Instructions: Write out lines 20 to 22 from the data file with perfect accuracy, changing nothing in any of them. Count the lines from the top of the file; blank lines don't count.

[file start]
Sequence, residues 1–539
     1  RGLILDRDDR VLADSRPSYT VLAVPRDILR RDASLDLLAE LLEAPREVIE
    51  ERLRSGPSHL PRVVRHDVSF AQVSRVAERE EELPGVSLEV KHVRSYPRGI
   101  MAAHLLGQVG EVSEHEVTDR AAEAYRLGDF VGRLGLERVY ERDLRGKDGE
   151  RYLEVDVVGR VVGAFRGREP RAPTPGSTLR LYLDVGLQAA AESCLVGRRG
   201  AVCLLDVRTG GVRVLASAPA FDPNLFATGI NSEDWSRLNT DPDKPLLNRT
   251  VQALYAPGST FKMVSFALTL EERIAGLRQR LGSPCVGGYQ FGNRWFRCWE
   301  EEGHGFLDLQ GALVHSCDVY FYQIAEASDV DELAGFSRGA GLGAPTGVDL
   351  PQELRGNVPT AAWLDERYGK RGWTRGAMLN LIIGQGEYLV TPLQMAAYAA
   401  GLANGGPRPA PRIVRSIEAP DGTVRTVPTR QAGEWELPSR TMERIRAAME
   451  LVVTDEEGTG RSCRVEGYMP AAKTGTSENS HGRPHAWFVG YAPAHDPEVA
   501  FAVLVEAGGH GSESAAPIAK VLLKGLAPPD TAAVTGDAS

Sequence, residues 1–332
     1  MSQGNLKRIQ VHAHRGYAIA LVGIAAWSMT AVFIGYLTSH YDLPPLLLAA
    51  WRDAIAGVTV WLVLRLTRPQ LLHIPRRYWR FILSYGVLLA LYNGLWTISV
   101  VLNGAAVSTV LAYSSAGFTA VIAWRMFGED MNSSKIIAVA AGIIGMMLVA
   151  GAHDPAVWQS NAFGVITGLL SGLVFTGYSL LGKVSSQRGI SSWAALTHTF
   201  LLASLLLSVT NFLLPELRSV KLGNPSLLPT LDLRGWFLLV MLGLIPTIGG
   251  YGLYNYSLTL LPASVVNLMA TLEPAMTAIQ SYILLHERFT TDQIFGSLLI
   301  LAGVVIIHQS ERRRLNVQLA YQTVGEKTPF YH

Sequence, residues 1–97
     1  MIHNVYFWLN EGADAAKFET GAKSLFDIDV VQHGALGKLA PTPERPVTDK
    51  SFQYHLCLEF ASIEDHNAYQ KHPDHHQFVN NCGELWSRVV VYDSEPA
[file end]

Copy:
   301  LAGVVIIHQS ERRRLNVQLA YQTVGEKTPF YH

Sequence, residues 1–97
     1  MIHNVYFWLN EGADAAKFET GAKSLFDIDV VQHGALGKLA PTPERPVTDK